Newcastle North MP opens up website to deaf constituents

Newcastle North MP, Catherine McKinnell, has today launched a new section on her website to support deaf constituents who use British Sign Language (BSL), with the support of local charity Deaflink.

In what may be the first use of British Sign Language on any MP’s website, the new page includes a subtitled video of a person using BSL to explain Catherine’s role as an MP, including the types of issues she can help constituents with – such as housing, benefits, pensions, or concerns about the NHS and other local services.

The BSL section also explains that Catherine can raise concerns with the Government about national policies on behalf of constituents, and that – should BSL users from Newcastle North wish to attend one of Catherine’s advice surgeries – Parliament can fund a BSL interpreter to facilitate this.

The video was produced by Newcastle-based charity, Deaflink, which has been providing support to D/deaf, Deafblind, Hard-of-Hearing and Deafened people and their families across the North East for over a decade.

British Sign Language is the preferred language of over 87,000 deaf people in the UK, for whom English may be a second or even third language. It is estimated that a total of 151,000 people across the country can use BSL, not including professional BSL users, interpreters or translators.

The addition of the BSL page to Catherine McKinnell’s website comes after British Sign Language was used last year for the first time in Parliament by the Shadow Minister for Women & Equalities, Dawn Butler, and following its more recent use by the International Development Secretary, Penny Mordaunt, ahead of the first Global Disability Summit hosted in London towards the end of last month.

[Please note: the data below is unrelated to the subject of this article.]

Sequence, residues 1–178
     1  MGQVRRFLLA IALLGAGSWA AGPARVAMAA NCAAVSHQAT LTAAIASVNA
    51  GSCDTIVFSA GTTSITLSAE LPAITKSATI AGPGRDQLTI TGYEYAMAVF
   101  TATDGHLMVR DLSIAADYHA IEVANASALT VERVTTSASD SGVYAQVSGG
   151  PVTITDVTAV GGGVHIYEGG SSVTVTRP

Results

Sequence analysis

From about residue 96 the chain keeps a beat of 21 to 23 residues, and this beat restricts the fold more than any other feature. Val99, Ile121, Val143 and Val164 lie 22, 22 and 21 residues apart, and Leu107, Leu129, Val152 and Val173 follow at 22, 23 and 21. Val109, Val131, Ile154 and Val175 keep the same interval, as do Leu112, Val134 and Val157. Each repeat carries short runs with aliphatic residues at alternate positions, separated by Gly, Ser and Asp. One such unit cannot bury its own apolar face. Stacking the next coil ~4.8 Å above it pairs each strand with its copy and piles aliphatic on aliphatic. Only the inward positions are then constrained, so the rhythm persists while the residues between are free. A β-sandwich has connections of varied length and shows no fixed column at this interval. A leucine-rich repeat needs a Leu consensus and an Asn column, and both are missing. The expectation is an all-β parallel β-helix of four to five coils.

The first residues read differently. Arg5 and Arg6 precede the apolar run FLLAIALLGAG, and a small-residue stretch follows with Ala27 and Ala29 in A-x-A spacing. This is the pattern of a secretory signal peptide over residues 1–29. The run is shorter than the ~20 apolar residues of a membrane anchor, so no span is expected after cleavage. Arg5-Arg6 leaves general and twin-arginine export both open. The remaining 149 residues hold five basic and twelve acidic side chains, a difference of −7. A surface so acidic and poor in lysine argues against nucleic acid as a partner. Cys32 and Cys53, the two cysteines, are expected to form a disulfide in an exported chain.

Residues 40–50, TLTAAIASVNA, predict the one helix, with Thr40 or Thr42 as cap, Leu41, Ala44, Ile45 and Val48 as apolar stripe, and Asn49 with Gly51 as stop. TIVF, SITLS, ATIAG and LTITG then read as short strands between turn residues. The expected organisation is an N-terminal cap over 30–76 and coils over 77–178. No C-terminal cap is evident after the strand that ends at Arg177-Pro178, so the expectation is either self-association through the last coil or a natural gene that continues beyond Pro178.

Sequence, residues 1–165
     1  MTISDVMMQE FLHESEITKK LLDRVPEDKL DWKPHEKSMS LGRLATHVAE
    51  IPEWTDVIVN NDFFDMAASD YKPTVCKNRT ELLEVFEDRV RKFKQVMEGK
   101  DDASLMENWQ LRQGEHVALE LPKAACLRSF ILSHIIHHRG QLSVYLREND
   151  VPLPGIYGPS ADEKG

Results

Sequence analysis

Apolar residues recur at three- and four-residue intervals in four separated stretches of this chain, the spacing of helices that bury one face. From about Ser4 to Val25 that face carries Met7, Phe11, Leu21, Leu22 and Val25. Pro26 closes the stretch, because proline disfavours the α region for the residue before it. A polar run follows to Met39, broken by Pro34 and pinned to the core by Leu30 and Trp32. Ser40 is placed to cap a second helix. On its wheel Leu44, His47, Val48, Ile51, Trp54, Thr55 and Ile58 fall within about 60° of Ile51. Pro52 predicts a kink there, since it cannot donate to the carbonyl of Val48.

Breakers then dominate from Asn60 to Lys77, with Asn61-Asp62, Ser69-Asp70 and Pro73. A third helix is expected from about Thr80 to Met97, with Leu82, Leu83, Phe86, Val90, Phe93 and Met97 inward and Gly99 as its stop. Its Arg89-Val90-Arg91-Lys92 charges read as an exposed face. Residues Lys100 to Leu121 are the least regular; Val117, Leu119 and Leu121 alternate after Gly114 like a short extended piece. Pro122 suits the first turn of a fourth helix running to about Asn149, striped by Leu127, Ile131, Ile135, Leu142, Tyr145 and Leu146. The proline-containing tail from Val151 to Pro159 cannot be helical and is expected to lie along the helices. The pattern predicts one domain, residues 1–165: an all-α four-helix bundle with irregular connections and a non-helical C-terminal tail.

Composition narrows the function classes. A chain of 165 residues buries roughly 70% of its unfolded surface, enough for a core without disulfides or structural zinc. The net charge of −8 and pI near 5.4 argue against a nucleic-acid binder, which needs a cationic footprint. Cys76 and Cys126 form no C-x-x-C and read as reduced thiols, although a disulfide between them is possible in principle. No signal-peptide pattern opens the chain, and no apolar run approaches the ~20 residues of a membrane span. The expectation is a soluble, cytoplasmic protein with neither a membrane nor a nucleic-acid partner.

Catherine said:

‘I know from my discussions with local deaf organisations and constituents just how hard it can be for BSL users to access vital services and particularly to do so confidentially. Many are left relying on family members to translate for them during health appointments, when speaking to their bank, or just trying to perform everyday tasks no one else would expect to have to share with their friends and relatives.

‘I also strongly believe that no disabled person should feel excluded from the democratic process because the right support isn’t there to help them engage with their elected representatives – and I am always keen to work with any local organisations supporting people with disabilities to help put this right.

‘Making part of my website BSL-accessible is a pledge I made some time ago, and I would like to say an enormous thank you to Deaflink for helping to make this happen.’

Heidi Jobling, Manager of Deaflink, said:

‘We are really pleased that Catherine has taken this positive step towards including the BSL communities. 

‘It is so difficult for BSL users to access any type of service and to have our local MP leading the way sends out a clear message, not only to the BSL community but to other providers and organisations that being accessible is important.’

The BSL page on Catherine McKinnell’s website is available to view here: